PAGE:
With the city on pace to record nearly 300 homicides this year, Baltimore Mayor Sheila Dixon and Police Commissioner Leonard D. Hamm announced plans yesterday to have area police agencies help with traffic patrols in the city.
"You're going to see in Baltimore City different uniforms enforcing the city," Hamm said. "In the past, the Baltimore Police Department was different. We thought we were the end all and be all of law enforcement. Now we're allowing our friends to help us out. Instead of driving by and saying, 'That's the city's problem,' they're going to address it."
Dixon and Hamm announced the new partnerships at a morning news conference.
Absent was a representative from the Maryland State Police, an agency that Hamm said has yet to formally sign on. Any joint crime-fighting operation between the city and the state would require formal agreement or legislation by the General Assembly. Several past proposals to give troopers authority to pull over a car in the city limits have failed.
Under the initiative announced yesterday, Maryland Transportation Authority Police, for example, would help patrol the city's portion of Interstate 295, which normally would require forces from the Southern District, Hamm said. The Mass Transit Administration police would also help.
Officials are still working on a plan that would allow State Police to augment city response to incidents on the Jones Falls Expressway, which Hamm said can tie up officers in the Northern and Central police districts.
Paul M. Blair, the president of the city police union, criticized the effort as a superficial way of boosting police staffing without hiring more officers.
"I haven't seen any homicides or shootings this year on [I-] 83," Blair said. "Other than that, I don't know what impact it will have. I just can't picture ... are they all going to have briefings with us? Are they going to know what we're looking for? What are they going do, go out and lock up loiterers?
"We work with all these agencies already," he said. "I just think it's smoke and mirrors. If it's really serious, then their people should jump into the cars with our people, then we could always have two-officer police cars."
As of yesterday, 124 people have been killed this year, compared with 111 homicides recorded at the same time last year.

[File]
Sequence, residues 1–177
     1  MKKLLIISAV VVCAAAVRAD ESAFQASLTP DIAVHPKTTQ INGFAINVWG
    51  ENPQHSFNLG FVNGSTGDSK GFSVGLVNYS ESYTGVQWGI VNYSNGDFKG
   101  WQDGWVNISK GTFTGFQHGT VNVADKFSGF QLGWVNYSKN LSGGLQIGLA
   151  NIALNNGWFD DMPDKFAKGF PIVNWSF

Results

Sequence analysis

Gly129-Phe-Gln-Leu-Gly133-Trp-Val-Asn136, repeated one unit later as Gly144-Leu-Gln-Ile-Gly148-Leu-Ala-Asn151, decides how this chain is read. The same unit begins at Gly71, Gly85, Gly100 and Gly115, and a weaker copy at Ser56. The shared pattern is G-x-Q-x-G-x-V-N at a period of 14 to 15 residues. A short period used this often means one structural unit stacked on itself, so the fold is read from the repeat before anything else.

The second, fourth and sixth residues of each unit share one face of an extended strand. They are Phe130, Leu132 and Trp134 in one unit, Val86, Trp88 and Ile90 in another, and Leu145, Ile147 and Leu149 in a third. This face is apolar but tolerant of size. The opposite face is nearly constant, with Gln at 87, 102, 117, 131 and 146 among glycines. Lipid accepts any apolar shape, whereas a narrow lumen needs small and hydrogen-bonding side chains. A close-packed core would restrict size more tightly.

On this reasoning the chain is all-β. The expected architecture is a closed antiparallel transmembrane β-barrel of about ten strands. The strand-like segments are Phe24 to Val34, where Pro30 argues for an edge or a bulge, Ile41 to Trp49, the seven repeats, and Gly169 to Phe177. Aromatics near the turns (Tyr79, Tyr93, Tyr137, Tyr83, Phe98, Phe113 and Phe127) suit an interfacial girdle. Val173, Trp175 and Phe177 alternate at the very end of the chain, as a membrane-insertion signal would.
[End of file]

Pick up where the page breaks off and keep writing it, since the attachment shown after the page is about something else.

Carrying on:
Dixon's announcement co- incides with an initiative proposed by City Council President Stephanie C. Rawlings-Blake that would allow the city to spend $2 million of its reserve funds to launch a new police recruitment drive to fill the department's empty ranks. Rawlings-Blake has said that a shortage of police officers is a major factor in the city's crime woes.
According to city officials, there are 140 vacant positions in the department, which has an authorized strength of about 3,200. Union officials said the department has more than 2,900 officers and is about 300 officers short.
Dixon said yesterday that the city has hired 1,195 new officers since 1997 -- most recently 206 in fiscal 2006 and 231 in fiscal 2007.
Of Rawlings-Blake's plan, Dixon said: "No, I'm not going to support it."
City Councilman Keiffer J. Mitchell Jr., who is challenging Dixon for mayor, said he drafted a resolution in 2005 calling for state police to assist in warrant apprehension, drug enforcement and in the police crime lab, which would free city police officers to do street-based work. He said Dixon, who was then the council president, did not support the plan.
"I couldn't even get a hearing," Mitchell said.
Dixon spokesman Anthony C. McCarthy said Mitchell's resolution went too far. Under Dixon's proposal, the outside agencies would primarily help with traffic.
"One of the reasons why she did not support Keiffer Mitchell's resolution, she, like the mayor at the time, did not believe it was wise to bring a law enforcement agency that did not have jurisdiction inside the city of Baltimore," McCarthy said.
This month, Dixon announced a new crime plan in which "safe zones" would be expanded to include the Park Heights area of Northwest Baltimore and the McElderry Park area of East Baltimore. The plan would call for more of a community-policing approach, which would have officers walking beats to help deter drug dealing and violent crime.